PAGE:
According to an analysis by The Chronicle, America’s private, nonprofit colleges had 158 million-dollar employees in the 2015 calendar year, excluding medical staff members. The highest earners primarily included chief executives, athletics staff members, and investment officers. Mike Krzyzewski, head coach of the men’s basketball team at Duke University, topped the list, earning $7.4 million in 2015.

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December 27, 2017 in Legal Education | Permalink | Comments (5)

Tuesday, December 26, 2017

NY Times: MBAs And #MeToo — B-Schools Embrace Curriculum Reform In The Age Of Trump

MBAMAGANew York Times, Business Schools Now Teaching #MeToo, N.F.L. Protests and Trump:

An M.B.A. education is no longer just about finance, marketing, accounting and economics. As topics like sexual harassment dominate the national conversation and chief executives weigh in on the ethical and social issues of the day, business schools around the country are hastily reshaping their curriculums with case studies ripped straight from the headlines. ...

At Vanderbilt, there are classes on Uber and “bro” culture. At Stanford, students are studying sexual harassment in the workplace. And at Harvard, the debate encompasses sexism and free speech.

“There’s a turning point in what’s expected from business leaders,” said Leanne Meyer, co-director of a new leadership department at the Carnegie Mellon Tepper School of Business. “Up until now, business leaders were largely responsible for delivering products. Now, shareholders are looking to corporate leaders to make statements on what would traditionally have been social justice or moral issues.”

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December 26, 2017 in Legal Education | Permalink | Comments (2)

New ABA Bar Pass Rate Questionnaire Will Yield Better Information But Create More Work For Law Schools

ABA Required DisclosuresABA Journal, New Bar Pass Rate Questionnaire Will Yield Better Information But Create More Work For Law Schools:

There’s no bar passage data on this year’s law school consumer information reports, which came as a surprise to some. That information, with more recent numbers than in years past, is expected to be released in March 2018. 

The council of the ABA’s Section of Legal Education and Admissions to the Bar approved the new questionnaire at a June 2017 meeting, according to information on the ABA website, and a change is that accredited law schools must report ultimate bar passage rates along with first-time bar passage rates.

Previously, only law schools that could not demonstrate a first-time test taker bar pass rate that was within 15 percentage points of the state first-time pass rate where the school is located, for three of the last five years, would report ultimate bar passage percentages. Ultimate bar passage data covers a school’s graduates who passed a bar examination within one and two years of graduation.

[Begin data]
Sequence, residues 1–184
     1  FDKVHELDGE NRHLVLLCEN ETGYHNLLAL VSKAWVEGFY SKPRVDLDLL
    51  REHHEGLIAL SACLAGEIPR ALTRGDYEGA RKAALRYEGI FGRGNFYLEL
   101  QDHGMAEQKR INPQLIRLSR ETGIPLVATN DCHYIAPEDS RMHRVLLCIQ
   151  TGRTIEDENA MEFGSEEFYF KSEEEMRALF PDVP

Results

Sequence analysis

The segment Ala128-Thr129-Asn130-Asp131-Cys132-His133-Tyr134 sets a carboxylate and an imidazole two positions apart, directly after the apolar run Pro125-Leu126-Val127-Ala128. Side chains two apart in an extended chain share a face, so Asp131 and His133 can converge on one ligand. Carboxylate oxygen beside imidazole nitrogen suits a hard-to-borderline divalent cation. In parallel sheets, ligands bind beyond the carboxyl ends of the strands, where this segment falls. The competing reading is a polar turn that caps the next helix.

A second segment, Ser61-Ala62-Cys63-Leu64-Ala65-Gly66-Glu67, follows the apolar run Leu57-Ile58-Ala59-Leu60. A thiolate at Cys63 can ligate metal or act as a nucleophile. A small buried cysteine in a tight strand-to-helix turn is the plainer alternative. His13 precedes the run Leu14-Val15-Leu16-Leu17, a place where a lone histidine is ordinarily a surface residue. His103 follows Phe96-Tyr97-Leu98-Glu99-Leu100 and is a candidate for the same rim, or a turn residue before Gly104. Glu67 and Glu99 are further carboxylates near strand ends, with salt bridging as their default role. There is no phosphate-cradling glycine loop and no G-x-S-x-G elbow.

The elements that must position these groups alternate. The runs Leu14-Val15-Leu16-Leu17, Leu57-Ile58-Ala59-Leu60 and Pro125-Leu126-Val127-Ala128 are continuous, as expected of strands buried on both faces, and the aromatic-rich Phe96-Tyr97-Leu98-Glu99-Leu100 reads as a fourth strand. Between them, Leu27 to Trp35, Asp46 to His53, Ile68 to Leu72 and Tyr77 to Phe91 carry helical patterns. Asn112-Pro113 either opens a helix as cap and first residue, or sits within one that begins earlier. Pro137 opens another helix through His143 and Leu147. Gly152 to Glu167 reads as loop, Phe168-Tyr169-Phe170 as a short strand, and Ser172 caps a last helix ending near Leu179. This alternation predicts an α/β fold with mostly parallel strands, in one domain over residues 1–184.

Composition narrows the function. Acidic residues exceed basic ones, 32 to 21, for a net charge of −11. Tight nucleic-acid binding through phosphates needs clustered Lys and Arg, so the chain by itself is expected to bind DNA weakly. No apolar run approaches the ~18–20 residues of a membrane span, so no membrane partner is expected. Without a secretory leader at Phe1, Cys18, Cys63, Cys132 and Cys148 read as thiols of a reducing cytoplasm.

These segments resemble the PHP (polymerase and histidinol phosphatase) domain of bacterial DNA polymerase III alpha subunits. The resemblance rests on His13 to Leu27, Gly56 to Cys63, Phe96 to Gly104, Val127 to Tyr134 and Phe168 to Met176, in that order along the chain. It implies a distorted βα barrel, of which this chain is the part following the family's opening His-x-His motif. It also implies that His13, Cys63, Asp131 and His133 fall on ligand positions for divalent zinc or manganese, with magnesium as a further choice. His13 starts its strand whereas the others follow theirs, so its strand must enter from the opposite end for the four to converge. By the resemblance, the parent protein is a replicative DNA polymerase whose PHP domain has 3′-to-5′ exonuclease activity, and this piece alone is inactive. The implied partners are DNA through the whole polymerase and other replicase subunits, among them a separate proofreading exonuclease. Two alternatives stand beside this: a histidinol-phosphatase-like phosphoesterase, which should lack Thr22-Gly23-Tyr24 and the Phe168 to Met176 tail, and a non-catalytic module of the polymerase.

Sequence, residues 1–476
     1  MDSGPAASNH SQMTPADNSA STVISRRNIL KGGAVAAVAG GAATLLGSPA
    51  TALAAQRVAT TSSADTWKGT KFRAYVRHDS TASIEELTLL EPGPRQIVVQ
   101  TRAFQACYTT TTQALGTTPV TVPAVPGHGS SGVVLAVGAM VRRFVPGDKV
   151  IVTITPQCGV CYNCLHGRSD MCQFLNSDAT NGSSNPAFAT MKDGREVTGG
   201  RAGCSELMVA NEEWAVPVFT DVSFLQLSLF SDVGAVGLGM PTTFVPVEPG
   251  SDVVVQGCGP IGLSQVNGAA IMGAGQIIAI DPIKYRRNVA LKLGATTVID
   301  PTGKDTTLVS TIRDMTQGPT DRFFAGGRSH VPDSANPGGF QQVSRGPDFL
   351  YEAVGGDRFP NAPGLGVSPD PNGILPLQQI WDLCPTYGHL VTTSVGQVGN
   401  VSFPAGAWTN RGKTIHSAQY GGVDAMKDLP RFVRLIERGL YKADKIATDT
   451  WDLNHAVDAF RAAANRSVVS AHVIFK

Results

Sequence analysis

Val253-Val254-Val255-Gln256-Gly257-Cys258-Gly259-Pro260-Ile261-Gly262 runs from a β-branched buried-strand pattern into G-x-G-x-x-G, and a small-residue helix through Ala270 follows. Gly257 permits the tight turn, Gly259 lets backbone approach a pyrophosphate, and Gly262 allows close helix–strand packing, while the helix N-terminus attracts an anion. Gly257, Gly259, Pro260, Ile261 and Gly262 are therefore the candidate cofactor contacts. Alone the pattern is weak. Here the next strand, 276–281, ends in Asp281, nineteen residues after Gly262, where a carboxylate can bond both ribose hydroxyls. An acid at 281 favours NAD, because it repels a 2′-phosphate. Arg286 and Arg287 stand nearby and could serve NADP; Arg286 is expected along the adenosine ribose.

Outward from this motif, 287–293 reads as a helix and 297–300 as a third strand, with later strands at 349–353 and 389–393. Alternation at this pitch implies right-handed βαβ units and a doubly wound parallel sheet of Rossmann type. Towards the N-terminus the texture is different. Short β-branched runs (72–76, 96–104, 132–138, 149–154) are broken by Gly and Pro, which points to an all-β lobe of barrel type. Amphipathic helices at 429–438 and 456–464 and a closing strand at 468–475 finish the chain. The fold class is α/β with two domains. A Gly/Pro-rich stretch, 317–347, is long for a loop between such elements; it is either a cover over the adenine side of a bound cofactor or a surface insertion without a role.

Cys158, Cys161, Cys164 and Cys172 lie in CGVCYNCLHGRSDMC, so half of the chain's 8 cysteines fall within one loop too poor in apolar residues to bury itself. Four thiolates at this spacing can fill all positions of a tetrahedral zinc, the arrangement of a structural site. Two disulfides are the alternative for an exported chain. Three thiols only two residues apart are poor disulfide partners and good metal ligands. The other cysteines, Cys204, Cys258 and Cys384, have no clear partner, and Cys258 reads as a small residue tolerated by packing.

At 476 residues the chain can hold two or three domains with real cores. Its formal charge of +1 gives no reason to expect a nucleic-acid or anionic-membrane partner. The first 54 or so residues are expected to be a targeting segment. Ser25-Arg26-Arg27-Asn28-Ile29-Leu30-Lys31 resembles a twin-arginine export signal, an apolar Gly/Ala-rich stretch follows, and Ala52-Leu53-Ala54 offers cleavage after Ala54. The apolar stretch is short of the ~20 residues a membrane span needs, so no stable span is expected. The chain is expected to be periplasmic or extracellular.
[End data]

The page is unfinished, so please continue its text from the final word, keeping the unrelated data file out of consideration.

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December 26, 2017 in Legal Education | Permalink | Comments (0)

1L Is The New Bar Prep

Sabrina DeFabritiis (Suffolk), 1L Is the New Bar Prep, 51 Creighton L. Rev. 37 (2017):

Law school graduates, in growing numbers, are failing the bar exam. This reality is all the more staggering when we consider that these graduates have been preparing for the bar exam since their first year of law school. First-year legaI-writing courses teach students specific fundamental skills that are the foundation for success on the bar exam. This Article provides the perspective that the goal of passing the bar exam and teaching Iaw students to think and write like lawyers is a symbiotic relationship. It directly analyzes the correlation between the fundamental skills associated with thinking like a lawyer and successful bar-essay writing.

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December 26, 2017 in Legal Education | Permalink | Comments (2)

TaxProf Blog Holiday Weekend Roundup

Monday, December 25, 2017

A Hallelujah Christmas

A Pepperdine Christmas

Christmas And The Salvation of ‘Napalm Girl’

Fire RoadWall Street Journal op-ed:  The Salvation of ‘Napalm Girl’, by Kim Phuc Phan Thi (author, Fire Road: The Napalm Girl’s Journey through the Horrors of War to Faith, Forgiveness, and Peace (Oct. 2017):

You may not recognize me now, but you almost certainly know who I am. My name is Kim Phuc, though you likely know me by another name. It is one I never asked for, a name I have spent a lifetime trying to escape: “Napalm Girl.”

You have probably seen my picture a thousand times. Yes, that picture. The image that made the world gasp. Some called it a turning point in the Vietnam War—a Pulitzer Prize-winning photograph of me in 1972, age 9, running along a puddled roadway in front of an expressionless soldier. I was photographed with arms outstretched, naked and shrieking in pain and fear, with the dark contour of a napalm cloud billowing in the distance. ...